Please don't be offended when I say that you, the driver, are very likely part of the problem. The driving position and size of the vehicle is very different than what your brain is accustomed too. And you are struggling to keepit between the white lines, which means you are focusing very close in front of you and frequently checking the mirrors. You can't drive straight that way - you have to get your focus much further down the road, at least a couple hundred feet. Make a not of where the center white line appears to intersect the dashboard when you are properly centered. Use that as your guide so that you don't have to shift your eyes to the road itself or the mirrors top check position. You will be amazed at how much easier the driving gets.
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Old 08-09-2011, 09:27 PM   #4
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Welcome cwfr_1 to irv2.
Congrats on your new coach.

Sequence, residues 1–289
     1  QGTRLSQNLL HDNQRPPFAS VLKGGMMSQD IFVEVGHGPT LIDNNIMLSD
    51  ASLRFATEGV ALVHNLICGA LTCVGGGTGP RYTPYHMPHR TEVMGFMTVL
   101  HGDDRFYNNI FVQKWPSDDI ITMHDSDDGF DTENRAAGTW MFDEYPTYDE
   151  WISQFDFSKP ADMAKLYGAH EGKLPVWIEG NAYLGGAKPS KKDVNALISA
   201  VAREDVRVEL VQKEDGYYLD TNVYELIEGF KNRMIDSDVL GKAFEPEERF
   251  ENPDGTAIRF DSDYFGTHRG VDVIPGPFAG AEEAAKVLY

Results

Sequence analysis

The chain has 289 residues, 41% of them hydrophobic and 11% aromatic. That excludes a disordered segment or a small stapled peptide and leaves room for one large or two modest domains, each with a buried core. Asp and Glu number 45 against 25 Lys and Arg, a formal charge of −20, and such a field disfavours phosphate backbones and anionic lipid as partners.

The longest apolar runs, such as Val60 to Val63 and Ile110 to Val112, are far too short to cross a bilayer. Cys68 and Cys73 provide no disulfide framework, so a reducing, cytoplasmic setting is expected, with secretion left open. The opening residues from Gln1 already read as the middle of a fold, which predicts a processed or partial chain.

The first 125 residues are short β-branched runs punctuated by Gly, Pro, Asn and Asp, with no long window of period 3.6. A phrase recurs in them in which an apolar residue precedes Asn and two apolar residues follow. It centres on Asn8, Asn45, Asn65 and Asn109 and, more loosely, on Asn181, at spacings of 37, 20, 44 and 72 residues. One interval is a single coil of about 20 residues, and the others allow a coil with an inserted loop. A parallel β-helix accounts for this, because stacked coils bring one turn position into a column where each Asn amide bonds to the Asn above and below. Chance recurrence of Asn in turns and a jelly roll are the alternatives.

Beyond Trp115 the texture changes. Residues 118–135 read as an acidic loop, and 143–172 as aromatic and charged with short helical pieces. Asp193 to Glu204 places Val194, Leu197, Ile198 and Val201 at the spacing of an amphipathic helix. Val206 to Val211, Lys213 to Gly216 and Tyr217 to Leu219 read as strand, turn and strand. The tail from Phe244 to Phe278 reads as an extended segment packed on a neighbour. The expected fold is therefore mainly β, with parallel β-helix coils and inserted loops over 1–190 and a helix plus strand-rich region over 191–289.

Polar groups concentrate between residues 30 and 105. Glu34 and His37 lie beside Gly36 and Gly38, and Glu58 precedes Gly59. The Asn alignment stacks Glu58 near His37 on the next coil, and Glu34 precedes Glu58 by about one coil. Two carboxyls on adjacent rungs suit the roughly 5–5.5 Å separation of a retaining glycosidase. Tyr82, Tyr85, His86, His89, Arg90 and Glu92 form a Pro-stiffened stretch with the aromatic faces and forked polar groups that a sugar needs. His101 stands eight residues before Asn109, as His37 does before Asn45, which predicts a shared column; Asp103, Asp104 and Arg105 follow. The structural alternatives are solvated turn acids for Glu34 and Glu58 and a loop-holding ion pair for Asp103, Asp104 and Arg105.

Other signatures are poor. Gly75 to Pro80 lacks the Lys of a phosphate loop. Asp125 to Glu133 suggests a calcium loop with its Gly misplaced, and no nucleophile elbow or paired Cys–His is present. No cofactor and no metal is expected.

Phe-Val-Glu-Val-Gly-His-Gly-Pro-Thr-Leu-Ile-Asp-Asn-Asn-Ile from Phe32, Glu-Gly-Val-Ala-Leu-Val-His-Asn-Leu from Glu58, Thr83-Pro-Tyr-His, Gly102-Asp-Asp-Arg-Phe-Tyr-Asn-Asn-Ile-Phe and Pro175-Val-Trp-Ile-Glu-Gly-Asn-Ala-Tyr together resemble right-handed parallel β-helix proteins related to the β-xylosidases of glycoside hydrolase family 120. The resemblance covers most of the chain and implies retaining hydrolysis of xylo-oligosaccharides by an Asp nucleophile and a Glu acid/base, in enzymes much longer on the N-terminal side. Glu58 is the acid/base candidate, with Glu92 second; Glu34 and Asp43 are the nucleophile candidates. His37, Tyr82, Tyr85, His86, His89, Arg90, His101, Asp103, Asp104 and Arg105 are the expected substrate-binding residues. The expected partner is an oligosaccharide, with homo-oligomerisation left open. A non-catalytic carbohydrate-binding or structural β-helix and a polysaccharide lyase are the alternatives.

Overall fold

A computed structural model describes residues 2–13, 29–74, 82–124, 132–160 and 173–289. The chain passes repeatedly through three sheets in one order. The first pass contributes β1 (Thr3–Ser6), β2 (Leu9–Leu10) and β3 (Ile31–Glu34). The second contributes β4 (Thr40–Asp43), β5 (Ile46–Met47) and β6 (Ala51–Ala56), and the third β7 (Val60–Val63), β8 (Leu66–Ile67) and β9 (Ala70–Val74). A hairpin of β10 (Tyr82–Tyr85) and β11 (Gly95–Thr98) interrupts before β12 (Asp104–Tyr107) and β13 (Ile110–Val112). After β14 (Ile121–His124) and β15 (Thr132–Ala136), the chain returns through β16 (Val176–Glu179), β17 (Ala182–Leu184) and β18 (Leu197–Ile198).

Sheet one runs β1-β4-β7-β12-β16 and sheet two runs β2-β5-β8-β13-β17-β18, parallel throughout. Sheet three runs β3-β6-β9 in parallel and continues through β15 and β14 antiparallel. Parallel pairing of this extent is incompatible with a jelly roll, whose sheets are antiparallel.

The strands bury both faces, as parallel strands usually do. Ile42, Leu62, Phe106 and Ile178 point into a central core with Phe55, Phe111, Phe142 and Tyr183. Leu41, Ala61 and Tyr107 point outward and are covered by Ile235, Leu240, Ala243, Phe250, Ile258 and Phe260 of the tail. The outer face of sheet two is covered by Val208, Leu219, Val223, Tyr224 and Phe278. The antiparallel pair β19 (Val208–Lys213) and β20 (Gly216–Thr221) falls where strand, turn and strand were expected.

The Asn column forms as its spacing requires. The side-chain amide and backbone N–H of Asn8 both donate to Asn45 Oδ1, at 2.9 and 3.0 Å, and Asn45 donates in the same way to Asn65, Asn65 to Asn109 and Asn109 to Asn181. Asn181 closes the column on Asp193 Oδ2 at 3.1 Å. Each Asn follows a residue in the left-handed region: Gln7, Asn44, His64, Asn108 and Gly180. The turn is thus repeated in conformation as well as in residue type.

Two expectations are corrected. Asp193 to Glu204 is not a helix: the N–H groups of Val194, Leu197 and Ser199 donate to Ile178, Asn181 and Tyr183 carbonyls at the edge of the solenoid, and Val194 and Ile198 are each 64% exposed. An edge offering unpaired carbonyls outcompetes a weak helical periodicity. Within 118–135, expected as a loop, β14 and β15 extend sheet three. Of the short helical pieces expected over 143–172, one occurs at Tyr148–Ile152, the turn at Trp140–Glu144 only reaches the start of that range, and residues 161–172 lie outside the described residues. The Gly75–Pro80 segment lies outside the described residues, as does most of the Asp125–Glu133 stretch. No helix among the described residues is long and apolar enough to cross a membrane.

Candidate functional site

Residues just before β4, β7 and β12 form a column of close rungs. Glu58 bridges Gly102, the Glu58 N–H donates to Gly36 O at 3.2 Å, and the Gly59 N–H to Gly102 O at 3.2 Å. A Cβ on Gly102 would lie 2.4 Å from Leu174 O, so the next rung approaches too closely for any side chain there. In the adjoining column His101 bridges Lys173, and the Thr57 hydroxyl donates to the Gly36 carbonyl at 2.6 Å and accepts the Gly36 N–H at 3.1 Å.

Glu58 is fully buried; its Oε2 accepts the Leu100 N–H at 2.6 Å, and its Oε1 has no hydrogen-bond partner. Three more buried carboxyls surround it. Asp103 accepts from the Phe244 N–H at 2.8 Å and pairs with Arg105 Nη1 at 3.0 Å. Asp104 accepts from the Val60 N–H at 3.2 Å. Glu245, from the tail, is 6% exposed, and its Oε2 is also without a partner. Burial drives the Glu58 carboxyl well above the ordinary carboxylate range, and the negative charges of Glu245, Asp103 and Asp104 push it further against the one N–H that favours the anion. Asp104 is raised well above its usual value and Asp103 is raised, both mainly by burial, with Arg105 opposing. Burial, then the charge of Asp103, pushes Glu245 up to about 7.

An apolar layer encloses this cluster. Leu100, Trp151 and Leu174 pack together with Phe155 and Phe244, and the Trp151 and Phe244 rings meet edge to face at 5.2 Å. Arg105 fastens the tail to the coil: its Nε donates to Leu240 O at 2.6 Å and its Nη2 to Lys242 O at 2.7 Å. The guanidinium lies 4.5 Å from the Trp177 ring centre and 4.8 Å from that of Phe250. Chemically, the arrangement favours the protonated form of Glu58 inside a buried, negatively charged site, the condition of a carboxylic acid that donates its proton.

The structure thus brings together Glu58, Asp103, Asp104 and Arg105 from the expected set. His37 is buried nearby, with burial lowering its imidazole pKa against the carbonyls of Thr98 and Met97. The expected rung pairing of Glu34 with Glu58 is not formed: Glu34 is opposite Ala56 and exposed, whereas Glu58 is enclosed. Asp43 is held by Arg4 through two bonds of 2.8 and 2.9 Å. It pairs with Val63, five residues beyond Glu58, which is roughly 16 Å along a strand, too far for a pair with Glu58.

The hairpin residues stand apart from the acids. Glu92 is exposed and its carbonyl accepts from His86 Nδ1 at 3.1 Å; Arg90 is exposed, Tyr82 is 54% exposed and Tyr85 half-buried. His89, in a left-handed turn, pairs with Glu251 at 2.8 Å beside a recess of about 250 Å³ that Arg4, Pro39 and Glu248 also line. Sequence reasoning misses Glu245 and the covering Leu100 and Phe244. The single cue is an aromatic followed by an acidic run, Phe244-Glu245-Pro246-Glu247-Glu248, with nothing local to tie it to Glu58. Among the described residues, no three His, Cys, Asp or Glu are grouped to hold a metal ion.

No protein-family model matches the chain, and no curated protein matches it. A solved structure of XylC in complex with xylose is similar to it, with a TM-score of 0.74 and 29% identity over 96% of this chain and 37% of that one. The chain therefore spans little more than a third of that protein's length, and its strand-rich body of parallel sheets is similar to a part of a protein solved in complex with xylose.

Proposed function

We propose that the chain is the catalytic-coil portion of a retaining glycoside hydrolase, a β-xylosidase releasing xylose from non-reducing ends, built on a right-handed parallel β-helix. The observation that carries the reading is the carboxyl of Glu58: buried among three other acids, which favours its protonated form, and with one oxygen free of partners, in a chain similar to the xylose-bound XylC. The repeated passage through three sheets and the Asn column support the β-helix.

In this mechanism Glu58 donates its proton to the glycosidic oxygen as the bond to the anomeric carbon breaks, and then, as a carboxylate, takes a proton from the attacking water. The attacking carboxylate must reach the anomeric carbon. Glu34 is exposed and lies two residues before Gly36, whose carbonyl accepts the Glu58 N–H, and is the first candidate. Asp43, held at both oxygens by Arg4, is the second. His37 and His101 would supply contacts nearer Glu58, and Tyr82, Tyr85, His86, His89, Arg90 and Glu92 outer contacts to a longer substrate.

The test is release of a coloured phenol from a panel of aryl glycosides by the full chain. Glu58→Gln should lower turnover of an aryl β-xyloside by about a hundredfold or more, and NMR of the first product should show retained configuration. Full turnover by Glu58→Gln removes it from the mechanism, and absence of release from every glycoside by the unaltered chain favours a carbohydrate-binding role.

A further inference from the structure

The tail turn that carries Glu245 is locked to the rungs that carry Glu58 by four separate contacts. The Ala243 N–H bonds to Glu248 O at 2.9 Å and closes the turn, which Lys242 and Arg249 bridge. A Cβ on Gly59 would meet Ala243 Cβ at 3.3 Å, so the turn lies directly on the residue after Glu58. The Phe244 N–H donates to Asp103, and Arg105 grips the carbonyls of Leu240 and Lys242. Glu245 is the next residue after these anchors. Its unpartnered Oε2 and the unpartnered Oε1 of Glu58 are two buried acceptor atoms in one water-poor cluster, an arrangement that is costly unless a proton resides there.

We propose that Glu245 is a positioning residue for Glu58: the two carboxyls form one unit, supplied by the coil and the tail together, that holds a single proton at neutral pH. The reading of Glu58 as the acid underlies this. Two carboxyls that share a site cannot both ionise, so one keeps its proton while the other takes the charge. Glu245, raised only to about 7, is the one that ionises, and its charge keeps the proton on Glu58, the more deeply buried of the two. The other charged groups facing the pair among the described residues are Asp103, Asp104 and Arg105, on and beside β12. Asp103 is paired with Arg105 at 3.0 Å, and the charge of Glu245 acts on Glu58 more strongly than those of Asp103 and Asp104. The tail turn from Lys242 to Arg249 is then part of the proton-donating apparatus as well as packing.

Being new you may not have it loaded with what you will be carrying when you go camping and traveling on trips.
Once you have it loaded with all your personal stuff you take it to a scale and have it weight. Than you check the tire MFG's pressure tables and put in the correct tire pressure for your full load.
A new coach comes from the factory with to much air in tires they will ride hard and track with very little foot print on road surface.
Once you have this done you may find that you need a track toque bar on rear end to keep passing trucks from tossing your rear end around.
I would drive it for a while and see if you notice this condition and get yourself accustom to its handling.
Above it all enjoy and safe miles ahead for you.
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Old 08-10-2011, 08:58 AM   #5
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Had the same problem when I picked up my Winnie... Had the front end aligned, Huge difference!!!!!
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Old 08-10-2011, 09:12 AM   #6